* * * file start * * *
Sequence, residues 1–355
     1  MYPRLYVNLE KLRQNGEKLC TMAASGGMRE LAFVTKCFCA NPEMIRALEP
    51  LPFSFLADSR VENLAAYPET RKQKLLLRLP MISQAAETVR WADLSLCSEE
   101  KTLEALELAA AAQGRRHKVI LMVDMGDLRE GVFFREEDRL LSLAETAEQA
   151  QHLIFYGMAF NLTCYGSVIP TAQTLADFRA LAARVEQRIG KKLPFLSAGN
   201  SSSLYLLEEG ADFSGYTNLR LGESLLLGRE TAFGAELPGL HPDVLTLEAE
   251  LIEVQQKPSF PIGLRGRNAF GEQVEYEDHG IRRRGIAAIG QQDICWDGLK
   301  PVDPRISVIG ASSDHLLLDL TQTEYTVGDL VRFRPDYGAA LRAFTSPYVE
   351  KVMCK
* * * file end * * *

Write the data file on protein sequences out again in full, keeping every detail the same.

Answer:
Sequence, residues 1–355
     1  MYPRLYVNLE KLRQNGEKLC TMAASGGMRE LAFVTKCFCA NPEMIRALEP
    51  LPFSFLADSR VENLAAYPET RKQKLLLRLP MISQAAETVR WADLSLCSEE
   101  KTLEALELAA AAQGRRHKVI LMVDMGDLRE GVFFREEDRL LSLAETAEQA
   151  QHLIFYGMAF NLTCYGSVIP TAQTLADFRA LAARVEQRIG KKLPFLSAGN
   201  SSSLYLLEEG ADFSGYTNLR LGESLLLGRE TAFGAELPGL HPDVLTLEAE
   251  LIEVQQKPSF PIGLRGRNAF GEQVEYEDHG IRRRGIAAIG QQDICWDGLK
   301  PVDPRISVIG ASSDHLLLDL TQTEYTVGDL VRFRPDYGAA LRAFTSPYVE
   351  KVMCK